Friday, July 19, 2013

Buying appliances for your rental property

Making the right decision to maximise your investment returns
Replacing appliances in a rental property is often a huge headache for owners, but it’s all part of your investment business. Making sure you make a decision that is right from an investment perspective is more important than your personal preference.
You need to balance quality, durability and price to provide your current residents and future renters the equipment to ensure they have working appliances.
Practicality and cost effectiveness is the key
Tenants don’t expect all the extras, but they do want a product that works consistently effectively and economically as they are paying the utility bills.
The more features an appliance offers means more things that can go wrong with that appliance. If your property is at the higher end then there is an expectation that a premium brand appliance will be used, but for most rentals go for practical and durable.
It doesn’t mean going for the cheapest however, you need to consider the warranty, availability of parts, costs to service the machine and access to contractors who fix those specific brand of appliances.
Save on energy
Looking at energy efficiency has obviously become a priority. Tenants are concerned like home owners of skyrocketing utility bills. The manufacturers are taking this into consideration and including energy star ratings on their products.
Go to to check out recommended brands.
Consider different model styles
Consider the more economical replacement types for refrigerators, dishwashers, ovens or washers/dryers. Buying an older-styled or refurbished model might save you hundreds of dollars, without sacrificing on quality. These savings can especially be found for refrigerators, where top-freezer models sell for hundreds of dollars less than the more stylish and larger side-by-side or bottom-freezer models.
Get the best price
There are a number of ways to find great prices on appliances. Start with an online search for the base price of a particular model. and Google’s product search are two smart places to check. Once you have a sense of the going price range for a certain appliance, you can begin shopping in earnest.
Look for reduced-price floor models or scratch and dent savings or run out models.
Be proactive
Replacing appliances is a necessary part of being a landlord or property manager. Shopping around early rather than waiting for the call from the tenant to say the appliance is not working will save you time and money.

There is a limited time to get a fix for a tenant, so you want to make sure you are making an informed decision and not one on the run.

At Toop&Toop we have a list of preferred models that fit the criteria and suppliers who can install and service at our fingertips.

Monday, July 08, 2013

Market Wrap Up - June Quarter 2013

In South Australia, the median weekly rent of $325 remained steady since the beginning of the year. The average turn round time on properties for the industry is 27 days. Toop&Toop’s vacancy rates have been sitting around 14-20 days well under the average.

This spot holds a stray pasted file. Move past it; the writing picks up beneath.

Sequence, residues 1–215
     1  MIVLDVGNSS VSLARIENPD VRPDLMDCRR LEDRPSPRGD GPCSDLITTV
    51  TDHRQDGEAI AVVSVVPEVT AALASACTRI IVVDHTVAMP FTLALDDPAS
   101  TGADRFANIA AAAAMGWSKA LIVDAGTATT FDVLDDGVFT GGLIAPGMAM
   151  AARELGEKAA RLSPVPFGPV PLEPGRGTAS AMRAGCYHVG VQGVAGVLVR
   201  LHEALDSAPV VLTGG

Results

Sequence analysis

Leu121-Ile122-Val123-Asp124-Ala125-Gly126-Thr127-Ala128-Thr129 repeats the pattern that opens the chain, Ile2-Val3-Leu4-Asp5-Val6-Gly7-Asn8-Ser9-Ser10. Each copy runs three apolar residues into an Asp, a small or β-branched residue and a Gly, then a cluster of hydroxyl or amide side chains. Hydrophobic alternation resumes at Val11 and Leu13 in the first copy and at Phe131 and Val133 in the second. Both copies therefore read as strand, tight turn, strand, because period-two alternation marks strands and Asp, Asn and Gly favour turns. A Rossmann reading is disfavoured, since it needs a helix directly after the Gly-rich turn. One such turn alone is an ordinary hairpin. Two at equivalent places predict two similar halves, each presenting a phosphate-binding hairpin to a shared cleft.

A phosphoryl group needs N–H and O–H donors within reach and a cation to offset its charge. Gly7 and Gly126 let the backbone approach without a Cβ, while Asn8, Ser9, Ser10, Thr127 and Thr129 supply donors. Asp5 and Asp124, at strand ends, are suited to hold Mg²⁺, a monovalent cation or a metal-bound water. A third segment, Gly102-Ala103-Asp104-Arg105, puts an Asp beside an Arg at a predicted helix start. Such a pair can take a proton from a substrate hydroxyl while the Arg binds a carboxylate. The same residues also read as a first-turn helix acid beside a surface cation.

Consumers demand A Better Industry
Consumers are becoming increasingly savvy about their rights and demanding in terms of their expectation on service levels.

Specialist knowledge of local areas and a depth of understanding of maintenance issues is the necessary to meet consumer needs.

Residential Tenancy Legislation Changes
The burden on owners and agencies has increased with the new legislation. New laws around hanging abandoned goods, the decreased time frames for inspections and increased privacy requirements.
One bonus is that documentation regarding a tenancy can now be emailed rather than snail mailed which will save time and prevents claims of documentation not being received.

As a private landlord it is becoming a logistical minefield adhering to these new laws and the requirement for all documentation to be submitted and processed on time.

Delays in actioning maintenance
Tenants believe that their repairs and maintenance issues are not being addressed in a timely manner once reported.

Over 47 per cent on a national survey responded that they experienced significant delays in their requests being actioned.  From an agents perspective there is always a question of balancing between what is classified as landlord or tenant responsibility.

It also depends on the rent and the age and condition of the property when it was tenanted. A $210 per week property is not going to be in the same condition as a $410 per week property. 

There is however the safety issues for example  any electrical repairs or what is considered an emergency such as blocked drains or flooding.

An agent is able to act as the broker and with their experience can successfully navigate between both parties rather then have the tenant and landlord at opposing ends in terms of view point of who should do and pay for what.

It is important that all maintenance is followed up and addressed even if it is to inform the tenant that they are responsible.

With tighter budgets landlords have become less willing to approve repairs as economic times have put a squeeze on their returns. The influx of sales properties has also meant the rents have remained the same and in some case declined. This has allowed tenants to be fussier and take preference over homes that are in a better condition or have upgraded facilities.